As a hearing at the Hong Kong Court of Final Appeal over the government’s refusal to grant same-sex couples access to spousal employment benefits gets underway on Tuesday, Man-kei Tam, Director of Amnesty International Hong Kong, commented:
“This is a crucial case in the fight for equality for LGBTI people in Hong Kong. The government must proactively and comprehensively end the discrimination facing same-sex couples instead of being forced to acknowledge their rights in a piecemeal manner through the courts. Even if Hong Kong has yet to legalize same-sex unions, the authorities still have the obligation under international law to protect same-sex couples from discrimination.
“Last year the Court of Final Appeal ruled in the QT case that every distinction in treatment [on the basis of sexual orientation] needed to be justified specifically in order not to constitute discrimination. Blanket distinctions are never acceptable, and
“The Hong Kong government must also thoroughly review all laws, policies and practices and end all discrimination on the grounds of sexual orientation, gender identities and intersex status by swiftly introducing comprehensive and specific legislation. No one should experience discrimination because of who they are or who they love.”
In 2017, senior immigration officer Angus Leung Chun-kwong initiated a judicial review against the Civil Service Bureau because his husband, whom he had married overseas, could not enjoy spousal benefits of civil servants in Hong Kong. The government filed an appeal after Leung partially won the case at the Court of First Instance. The Court of Appeal overturned the judgment in June 2018, largely based on the argument that the “traditional concept of marriage” as understood in Hong Kong warranted special protection. The Court of Final Appeal hears the case on 7 May after Leung appealed the Court of Appeal’s decision. The verdict of the hearing will be handed down at a later date.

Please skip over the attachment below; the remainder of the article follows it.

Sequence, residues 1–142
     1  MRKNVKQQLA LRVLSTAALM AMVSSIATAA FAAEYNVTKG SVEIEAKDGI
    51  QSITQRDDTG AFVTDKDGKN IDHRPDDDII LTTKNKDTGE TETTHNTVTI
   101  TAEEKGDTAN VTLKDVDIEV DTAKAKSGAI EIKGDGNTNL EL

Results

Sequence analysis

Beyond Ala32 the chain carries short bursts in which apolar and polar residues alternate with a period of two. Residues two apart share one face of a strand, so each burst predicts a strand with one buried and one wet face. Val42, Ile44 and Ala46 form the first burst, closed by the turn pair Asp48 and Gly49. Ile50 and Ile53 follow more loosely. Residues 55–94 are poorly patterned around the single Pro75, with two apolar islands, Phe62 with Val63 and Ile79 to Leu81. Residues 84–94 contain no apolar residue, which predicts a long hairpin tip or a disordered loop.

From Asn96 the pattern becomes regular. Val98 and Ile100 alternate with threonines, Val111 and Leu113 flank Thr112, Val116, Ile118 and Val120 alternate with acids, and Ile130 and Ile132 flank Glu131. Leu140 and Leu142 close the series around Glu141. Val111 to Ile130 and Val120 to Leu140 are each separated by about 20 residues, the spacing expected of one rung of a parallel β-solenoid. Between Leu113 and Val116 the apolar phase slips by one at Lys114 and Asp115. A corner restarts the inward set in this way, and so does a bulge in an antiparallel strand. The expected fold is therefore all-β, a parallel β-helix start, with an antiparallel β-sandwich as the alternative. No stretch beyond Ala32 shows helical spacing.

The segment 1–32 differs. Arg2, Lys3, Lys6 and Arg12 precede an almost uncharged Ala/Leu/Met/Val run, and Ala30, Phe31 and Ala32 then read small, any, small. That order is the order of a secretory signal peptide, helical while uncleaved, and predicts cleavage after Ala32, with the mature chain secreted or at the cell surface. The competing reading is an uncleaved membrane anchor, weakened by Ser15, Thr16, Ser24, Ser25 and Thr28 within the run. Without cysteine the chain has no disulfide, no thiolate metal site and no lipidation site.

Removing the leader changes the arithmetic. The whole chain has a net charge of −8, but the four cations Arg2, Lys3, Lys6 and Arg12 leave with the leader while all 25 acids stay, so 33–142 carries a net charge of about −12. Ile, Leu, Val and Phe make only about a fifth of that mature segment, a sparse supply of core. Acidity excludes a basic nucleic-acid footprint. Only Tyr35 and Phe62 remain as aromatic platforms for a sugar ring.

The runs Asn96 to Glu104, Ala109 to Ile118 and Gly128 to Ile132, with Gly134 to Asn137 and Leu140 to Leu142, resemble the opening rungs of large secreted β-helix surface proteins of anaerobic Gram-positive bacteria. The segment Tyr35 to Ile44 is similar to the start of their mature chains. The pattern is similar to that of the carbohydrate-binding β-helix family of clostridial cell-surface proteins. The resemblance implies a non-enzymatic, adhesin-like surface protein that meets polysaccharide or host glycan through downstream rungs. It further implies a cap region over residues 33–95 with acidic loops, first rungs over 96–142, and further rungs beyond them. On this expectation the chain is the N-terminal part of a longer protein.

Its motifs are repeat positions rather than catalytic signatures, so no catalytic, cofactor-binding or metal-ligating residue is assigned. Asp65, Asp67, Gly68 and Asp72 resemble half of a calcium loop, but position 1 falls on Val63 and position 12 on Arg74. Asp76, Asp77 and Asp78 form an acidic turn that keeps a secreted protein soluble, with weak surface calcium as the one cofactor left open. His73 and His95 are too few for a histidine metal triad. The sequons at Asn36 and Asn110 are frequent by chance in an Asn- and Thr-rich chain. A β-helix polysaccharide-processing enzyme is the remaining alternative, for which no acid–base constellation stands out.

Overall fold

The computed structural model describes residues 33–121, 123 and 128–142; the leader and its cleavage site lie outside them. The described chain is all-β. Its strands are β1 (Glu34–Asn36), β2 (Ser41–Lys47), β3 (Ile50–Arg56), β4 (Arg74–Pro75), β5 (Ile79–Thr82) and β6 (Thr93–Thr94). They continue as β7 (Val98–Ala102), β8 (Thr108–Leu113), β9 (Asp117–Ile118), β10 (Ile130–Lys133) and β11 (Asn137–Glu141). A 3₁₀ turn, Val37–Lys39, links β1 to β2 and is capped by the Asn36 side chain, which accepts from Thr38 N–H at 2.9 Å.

On 4 July 2018, the Court of Final Appeal ruled in the QT case that it was discriminatory for the government to deny a dependant visa to a woman in a same-sex civil partnership, despite the fact that same-sex marriages or civil partnerships are not yet recognized in Hong Kong. The court also rejected the premise that a concept of “core rights and obligations unique to marriage” could serve as a wholesale justification for differential treatment. But it left open the question of whether “protection of traditional marriage” was a legitimate aim justifying differential treatment between opposite-sex and same-sex unions.
Under international human rights law and standards, discrimination against people because of their sexual orientation is prohibited, and each instance of differential treatment needs to be demonstrably and specifically justified with objective and particularly serious reasons rationally connected to and necessary for a legitimate aim.
Amnesty International believes that same-sex relationships need to be recognized equally and on the same basis and with the same rights as those of opposite-sex couples.